Between Houston and the Louisiana border at Orange, I-10 is built parallel to US 90. Before the Interstate Highway system was created, a freeway was planned as SH 73 from Houston to Port Arthur, later it was decided not to run the highway to Port Arthur, but to Beaumont. The first section with 2×2 lanes was completed in 1956, between Beaumont and Vidor, but it is unclear whether this was already a freeway at the time. About 1957 the Vidor bypass opened. The first long section opened circa 1958-1960, from Houston to Hankamer, with a section continuing to Winnie under construction in 1960, which was also opened circa 1960. The section from Vidor was also extended to just before Orange. Construction progressed rapidly in the early 1960s, and by 1965 the entirety of I-10 between Houston and the Louisiana border had been opened.
I-10 has been completely widened to 2×3 lanes east of Houston. Around 2005, the section along Baytown and up to Mont Belvieu was widened to 2×3 lanes. The bridge over the Old River Lake was replaced in the 1990s, followed by the bridge over the Trinity River just east of it in 2009-2010. Before 1995, the section between Anahuac and Winnie was widened to 2×3 lanes. The section of I-10 along the north side of Beaumont was widened to 2×3 lanes in or before the 1980s, followed by the section along the west side of Beaumont in the late 1990s/early 2000s. Between 2004 and 2010, the section between the east side of Beaumont and Vidor was widened to 2×3 lanes in phases. The bridge over the Neches River in Beaumont was replaced in 2018-2020. In 2018, I-10 between Vidor and Orange was widened to 2×3 lanes,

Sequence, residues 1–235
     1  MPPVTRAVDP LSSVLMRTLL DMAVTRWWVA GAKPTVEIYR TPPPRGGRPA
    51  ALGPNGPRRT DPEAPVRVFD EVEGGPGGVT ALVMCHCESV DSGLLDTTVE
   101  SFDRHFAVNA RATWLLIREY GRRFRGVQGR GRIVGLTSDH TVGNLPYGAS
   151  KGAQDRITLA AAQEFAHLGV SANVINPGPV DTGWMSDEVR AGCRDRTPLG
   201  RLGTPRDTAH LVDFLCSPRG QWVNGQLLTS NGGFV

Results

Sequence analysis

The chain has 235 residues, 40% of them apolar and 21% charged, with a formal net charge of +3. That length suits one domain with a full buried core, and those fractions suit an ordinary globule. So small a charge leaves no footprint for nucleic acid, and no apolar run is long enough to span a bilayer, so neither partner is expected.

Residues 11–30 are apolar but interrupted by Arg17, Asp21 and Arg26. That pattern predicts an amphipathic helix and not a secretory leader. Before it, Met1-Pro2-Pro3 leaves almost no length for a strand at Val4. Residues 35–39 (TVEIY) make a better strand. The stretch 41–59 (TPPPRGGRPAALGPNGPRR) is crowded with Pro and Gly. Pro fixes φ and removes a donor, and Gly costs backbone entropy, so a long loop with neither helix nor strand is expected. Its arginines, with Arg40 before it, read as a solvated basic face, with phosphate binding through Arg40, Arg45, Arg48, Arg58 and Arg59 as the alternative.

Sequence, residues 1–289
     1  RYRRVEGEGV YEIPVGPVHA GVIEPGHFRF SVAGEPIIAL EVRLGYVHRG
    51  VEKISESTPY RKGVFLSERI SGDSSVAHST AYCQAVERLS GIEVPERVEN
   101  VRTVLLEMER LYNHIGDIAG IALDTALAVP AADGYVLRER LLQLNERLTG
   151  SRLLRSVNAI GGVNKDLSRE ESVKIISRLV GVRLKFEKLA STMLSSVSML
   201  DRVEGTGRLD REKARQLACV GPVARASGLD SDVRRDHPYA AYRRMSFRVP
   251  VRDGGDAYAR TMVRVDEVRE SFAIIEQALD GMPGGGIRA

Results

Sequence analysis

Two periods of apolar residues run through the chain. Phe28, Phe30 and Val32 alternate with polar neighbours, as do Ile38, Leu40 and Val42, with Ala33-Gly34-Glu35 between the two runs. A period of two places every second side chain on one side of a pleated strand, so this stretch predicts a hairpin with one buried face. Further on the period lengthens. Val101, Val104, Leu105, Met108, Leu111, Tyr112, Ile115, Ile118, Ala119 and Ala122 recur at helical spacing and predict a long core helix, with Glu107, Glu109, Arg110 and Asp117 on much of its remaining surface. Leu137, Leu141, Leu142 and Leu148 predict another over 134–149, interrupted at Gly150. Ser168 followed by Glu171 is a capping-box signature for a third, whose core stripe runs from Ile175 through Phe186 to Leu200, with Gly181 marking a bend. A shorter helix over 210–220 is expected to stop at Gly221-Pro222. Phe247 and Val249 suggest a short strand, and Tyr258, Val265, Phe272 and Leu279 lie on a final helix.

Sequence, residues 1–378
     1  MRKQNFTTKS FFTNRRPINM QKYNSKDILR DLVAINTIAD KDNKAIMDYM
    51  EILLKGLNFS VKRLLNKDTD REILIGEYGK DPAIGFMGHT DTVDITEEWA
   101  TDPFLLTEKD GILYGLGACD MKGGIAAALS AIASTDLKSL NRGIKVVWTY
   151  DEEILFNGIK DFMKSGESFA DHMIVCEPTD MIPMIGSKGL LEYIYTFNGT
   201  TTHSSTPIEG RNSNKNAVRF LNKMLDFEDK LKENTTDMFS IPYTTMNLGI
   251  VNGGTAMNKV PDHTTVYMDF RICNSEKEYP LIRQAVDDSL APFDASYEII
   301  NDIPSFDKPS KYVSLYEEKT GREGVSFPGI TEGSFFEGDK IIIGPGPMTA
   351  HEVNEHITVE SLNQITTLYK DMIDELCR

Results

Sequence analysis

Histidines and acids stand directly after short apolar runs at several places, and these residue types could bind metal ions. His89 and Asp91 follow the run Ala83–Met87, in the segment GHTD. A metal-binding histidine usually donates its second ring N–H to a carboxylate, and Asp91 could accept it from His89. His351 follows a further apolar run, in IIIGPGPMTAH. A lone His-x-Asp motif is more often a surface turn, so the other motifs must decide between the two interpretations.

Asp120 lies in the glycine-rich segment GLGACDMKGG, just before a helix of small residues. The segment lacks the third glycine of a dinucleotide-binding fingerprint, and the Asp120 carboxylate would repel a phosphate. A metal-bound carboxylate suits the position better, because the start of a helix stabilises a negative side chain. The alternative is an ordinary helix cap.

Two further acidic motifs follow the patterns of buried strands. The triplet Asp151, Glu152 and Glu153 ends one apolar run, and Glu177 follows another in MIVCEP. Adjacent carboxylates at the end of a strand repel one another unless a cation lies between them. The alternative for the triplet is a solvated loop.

Later, the remaining part in the Beaumont region was widened to 2×3 lanes. Between early 2017 and 2020, the section between Winnie and Hamshire was widened to 2×3 lanes. A second phase runs from FM 365 at Fannett to Walden Road at Beaumont. Of these, a viaduct was already constructed in 2016 at the connection with Walden Drive that is wide enough for 2×3 lanes. Between 2022 and 2027, the section between Waldon Road and US 90 in Beaumont has been widened to 2×3 lanes for $307 million.
Interstate 10 through El Paso is significantly congested. It is planned to tackle larger sections of I-10 through El Paso, the study is dubbed “Reimagine I-10.” The study area includes 90 kilometers from I-10 from the New Mexico border to FM 1110 at Clint.
From San Antonio, it is planned to be the first to widen the eight-mile stretch from I-410 past Loop 1604 from 2×2 to 2×3 lanes. The widening of this part started in October 2018. The widening of the first phase was completed in 2021. A second phase includes the widening between Loop 1604 and SH 130 in Seguin.